Though I support Epicurusís premise that pleasure is the first good innate in us, some arguments could be made to contradict his view. One possible argument could be that even though we seek pleasure and avoid pain, sometimes we avoid pleasures when great inconvenience follows them and tolerate pain when a greater pleasure follows from its endurance. For example, I could get drunk every night of the week, giving me the pleasure of being drunk, but the outcome of my drunkenness would result in missing classes and tests, unfinished homework or papers, or being sick from too much alcohol. The pain of doing poorly in school outweighs (in my opinion) the pleasure of being drunk every night, so I avoid the pleasure and do not drink. In the same way, say I want to do well on an exam on some certain Friday. In order to do well on the test I need to study Thursday night, the typical bar night here at Alma College. I might want to have the pleasure of going to the bar, but I know that if I do that I will perform poorly on the test, so I endure the pain of staying home and studying so that I get the pleasure of doing well on the exam. The immediate conclusion to this argument is that we sometimes, in contrast to Epicurusís theory, avoid pleasure and seek pain.

 My reply to this argument is simple - we may avoid pleasure and seek pain, but the outcome of either act results in pleasure. If I avoid the pleasure of drinking every night in order to do better in school, in the end I will achieve a greater and more prolonged pleasure. Also, if I seek the pain of studying on a Thursday night instead of going to the bar I will achieve the greater pleasure in the long run of doing well on the test. Though I may avoid pleasure or seek pain directly, I am seeking pleasure or avoiding pain as the eventual outcome of my actions.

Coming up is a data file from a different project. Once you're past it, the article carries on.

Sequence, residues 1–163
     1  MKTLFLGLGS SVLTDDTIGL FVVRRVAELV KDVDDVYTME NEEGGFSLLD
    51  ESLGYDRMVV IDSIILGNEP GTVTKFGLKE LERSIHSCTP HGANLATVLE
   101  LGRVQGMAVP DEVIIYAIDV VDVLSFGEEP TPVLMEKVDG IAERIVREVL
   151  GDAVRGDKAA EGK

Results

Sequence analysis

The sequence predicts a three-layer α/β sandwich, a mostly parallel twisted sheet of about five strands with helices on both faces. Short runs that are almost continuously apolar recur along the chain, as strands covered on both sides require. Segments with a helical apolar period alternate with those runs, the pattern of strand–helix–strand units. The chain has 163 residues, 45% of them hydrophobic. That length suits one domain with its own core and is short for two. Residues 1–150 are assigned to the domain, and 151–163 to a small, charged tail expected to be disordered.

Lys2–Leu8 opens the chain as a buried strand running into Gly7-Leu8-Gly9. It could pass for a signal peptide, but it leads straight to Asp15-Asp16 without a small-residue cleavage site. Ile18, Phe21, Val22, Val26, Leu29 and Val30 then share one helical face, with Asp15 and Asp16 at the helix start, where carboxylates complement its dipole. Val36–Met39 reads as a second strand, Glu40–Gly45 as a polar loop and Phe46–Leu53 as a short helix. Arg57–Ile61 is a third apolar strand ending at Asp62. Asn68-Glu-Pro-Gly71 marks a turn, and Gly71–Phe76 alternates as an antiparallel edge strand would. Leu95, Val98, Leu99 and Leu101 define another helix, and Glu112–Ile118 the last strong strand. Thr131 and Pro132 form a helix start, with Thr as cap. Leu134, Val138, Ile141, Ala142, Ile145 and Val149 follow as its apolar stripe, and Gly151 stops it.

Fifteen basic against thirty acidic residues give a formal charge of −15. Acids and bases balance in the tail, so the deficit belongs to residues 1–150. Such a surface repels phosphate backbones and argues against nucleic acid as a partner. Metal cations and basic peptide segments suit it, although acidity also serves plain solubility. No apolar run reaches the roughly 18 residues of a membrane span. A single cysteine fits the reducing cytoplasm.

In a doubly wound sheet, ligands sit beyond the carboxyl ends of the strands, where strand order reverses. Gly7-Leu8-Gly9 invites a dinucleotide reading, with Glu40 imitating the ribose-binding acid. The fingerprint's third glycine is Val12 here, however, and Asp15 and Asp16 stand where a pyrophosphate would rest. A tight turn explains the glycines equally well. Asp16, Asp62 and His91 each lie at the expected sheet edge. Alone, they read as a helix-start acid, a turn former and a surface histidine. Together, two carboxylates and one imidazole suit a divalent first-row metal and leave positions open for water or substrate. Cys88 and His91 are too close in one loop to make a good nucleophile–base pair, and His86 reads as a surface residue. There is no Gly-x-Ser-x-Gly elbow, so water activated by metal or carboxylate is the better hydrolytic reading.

I have already stated the notion that pleasure is the normal condition of every being. An argument could be posed here as well. If pleasure is the normal condition of every being, pleasure is a prolonged state. A group of philosophers named the Cyrenaics would tend to disagree with Epicurus here. They hold that pleasure is momentary - we seek the pleasure and once it is gratified that is the end of it. Take for instance the idea of being thirsty. I am enduring pain if I am thirsty. I search for the pleasure of drinking water to alleviate the thirst. Once I drink, the pain is gone, giving way to pleasure. But, the pleasure of drinking is momentary (according to the Cyrenaic theory). Once the original pleasure of drinking has been experienced, it is over; my thirst is quenched.

 Though this is an argument one could pose, I find it weak and lacking substance. The solution I pose to this argument is that if we are thirsty (in pain), we seek pleasure through drinking. Once the pain is alleviated by drinking, we are in a state of pleasure, the normal condition of every being. As long as we remain content with our drink, we have achieved pleasure, the first good innate in us.

 Quality of life is determined by how happy you are. If you are not happy than you cannot lead a good life. In order to achieve happiness you must seek pleasure and avoid pain because in my opinion (and Epicurusís) pleasure is the first good innate in all of us. We do not do things that give us pain or do not pleasure us. We may stray from this search for pleasure momentarily to achieve immediate goals, but in the long run everything we do is based around the desire to lead a happy life in a content, pleasurable manner.


Cook, Vincent. (1996), Epicurus and Epicurean Philosophy.  Online:

Hicks, R. D.  (1961)  Stoic and Epicurean.  New York: Russell & Russell.  153-202.

Jones, W. T.  (1980)  The Classical Mind.  San Diego: Harcourt Brace Jovanovich College Publishers.

Oates, Whitney J.  (1940)  The Stoic and Epicurean Philosophers.  New York: Random House.  3-65.

Taylor, A. E.  (1911)  Epicurus.  London: Constable and Company Ltd.

Zeller, Dr. E.  (1962)  Trans. Reichel, Oswald.  Stoics, Epicureans, and Sceptics.  New York: Russell & Russell.  404-513.